A couple of years ago, you played at the Mean Fiddler with John, and at the end of the gig you came on stage with John throwing cheese sandwiches and fruit into the audience.
Oh yeah, that was The Cheese Sandwich Tour, everywhere we played all they gave us to eat was cheese sandwiches. And it got to the point where John decided to introduce us all as cheeses and started these monologues about cheese. After we had finished the gigs about midnight, everything was shut, and all we got to eat night after night was cheese sandwiches.
Do you remember the interview in New York on Radio WFUV in 1998?
Oh yeah, was that the college station. The Pigeonholed station. We were smashed into this room, the entire band was smashed into this really small room, and we were on top of each other. We were trying to play these songs. The presenter did not know what to do with John. This nice man from the college radio station and he was saying ‘John, I realise that you are difficult to pigeonhole’ and John says ‘pigeonhole! have you ever seen the size of a pigeons hole’. And we are all saying ‘Woh it’s going to be one of those!’ The guy didn’t know how to take it.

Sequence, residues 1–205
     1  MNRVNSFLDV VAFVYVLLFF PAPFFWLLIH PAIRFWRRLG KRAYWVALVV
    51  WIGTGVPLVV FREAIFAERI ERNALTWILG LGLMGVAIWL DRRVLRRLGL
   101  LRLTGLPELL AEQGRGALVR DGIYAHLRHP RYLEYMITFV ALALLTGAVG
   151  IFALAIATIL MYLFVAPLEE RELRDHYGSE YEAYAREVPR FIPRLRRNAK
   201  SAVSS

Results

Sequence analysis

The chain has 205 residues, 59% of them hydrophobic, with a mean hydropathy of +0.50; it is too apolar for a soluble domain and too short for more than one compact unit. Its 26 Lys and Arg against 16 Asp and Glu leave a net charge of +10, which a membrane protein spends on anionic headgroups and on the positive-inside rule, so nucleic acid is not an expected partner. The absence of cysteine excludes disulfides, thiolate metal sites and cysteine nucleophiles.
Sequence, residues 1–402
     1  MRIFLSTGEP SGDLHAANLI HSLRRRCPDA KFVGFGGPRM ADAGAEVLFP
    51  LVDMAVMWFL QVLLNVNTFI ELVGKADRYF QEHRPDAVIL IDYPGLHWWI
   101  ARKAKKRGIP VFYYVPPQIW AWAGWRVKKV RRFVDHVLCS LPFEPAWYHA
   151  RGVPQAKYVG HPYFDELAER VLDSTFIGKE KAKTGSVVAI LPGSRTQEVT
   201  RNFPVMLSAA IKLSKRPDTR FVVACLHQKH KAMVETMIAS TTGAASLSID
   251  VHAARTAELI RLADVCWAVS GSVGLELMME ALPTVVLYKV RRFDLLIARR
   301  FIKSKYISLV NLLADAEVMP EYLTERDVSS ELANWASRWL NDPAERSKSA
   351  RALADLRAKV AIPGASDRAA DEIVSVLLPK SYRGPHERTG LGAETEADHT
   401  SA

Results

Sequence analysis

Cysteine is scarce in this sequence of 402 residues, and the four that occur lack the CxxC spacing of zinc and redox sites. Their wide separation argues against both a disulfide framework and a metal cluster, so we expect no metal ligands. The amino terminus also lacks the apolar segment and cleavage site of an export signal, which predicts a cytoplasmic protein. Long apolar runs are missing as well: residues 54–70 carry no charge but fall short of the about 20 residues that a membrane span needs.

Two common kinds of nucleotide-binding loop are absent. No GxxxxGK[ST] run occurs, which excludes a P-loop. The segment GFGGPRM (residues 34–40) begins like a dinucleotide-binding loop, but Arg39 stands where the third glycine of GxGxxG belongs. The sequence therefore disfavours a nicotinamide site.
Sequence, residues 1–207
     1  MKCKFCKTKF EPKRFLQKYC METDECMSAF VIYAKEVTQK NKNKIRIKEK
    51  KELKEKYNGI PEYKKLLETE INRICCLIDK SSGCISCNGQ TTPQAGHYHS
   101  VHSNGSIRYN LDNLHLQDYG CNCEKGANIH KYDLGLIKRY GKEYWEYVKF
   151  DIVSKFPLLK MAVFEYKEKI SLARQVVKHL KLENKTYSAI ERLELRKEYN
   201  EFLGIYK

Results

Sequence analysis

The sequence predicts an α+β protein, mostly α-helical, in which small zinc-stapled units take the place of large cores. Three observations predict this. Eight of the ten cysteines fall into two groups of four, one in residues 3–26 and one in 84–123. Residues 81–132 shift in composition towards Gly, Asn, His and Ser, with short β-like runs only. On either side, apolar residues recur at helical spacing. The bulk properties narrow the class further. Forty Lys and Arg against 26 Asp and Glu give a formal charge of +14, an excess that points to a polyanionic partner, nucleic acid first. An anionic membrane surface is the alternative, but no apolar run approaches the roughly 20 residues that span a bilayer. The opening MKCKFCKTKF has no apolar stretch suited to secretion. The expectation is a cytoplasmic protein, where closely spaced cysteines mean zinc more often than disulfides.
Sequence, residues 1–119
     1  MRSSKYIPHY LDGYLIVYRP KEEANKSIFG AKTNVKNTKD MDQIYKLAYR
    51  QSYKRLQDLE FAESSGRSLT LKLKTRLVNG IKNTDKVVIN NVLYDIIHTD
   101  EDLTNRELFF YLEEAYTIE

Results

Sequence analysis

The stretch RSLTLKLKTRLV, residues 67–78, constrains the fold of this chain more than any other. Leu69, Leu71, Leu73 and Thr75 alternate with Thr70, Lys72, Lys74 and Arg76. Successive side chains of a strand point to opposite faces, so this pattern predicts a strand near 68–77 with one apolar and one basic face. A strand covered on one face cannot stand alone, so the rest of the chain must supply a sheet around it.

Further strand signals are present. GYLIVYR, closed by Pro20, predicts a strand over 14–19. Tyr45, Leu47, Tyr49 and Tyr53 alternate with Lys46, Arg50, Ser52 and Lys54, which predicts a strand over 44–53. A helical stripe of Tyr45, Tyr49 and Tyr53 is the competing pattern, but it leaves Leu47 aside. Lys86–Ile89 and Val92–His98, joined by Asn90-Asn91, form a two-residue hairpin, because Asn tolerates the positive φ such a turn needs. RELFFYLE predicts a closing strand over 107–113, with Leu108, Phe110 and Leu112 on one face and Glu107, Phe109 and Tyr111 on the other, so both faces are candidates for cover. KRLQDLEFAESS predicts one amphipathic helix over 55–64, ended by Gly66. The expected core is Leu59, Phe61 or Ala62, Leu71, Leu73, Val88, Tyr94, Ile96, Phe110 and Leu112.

Jim you’ve kindly agreed to play the stick for us.
It’s very much a piano technique.
Yes I can see you tapping the strings and you are playing the bass strings with one hand and the high notes with the other. Could you play a scale for us please?
Jim then gives an impromptu rendition of Solid Air.
Jim then goes on to play an untitled song he is working on for his new solo album.
Jim, thank you very much for talking to The John Martyn Website!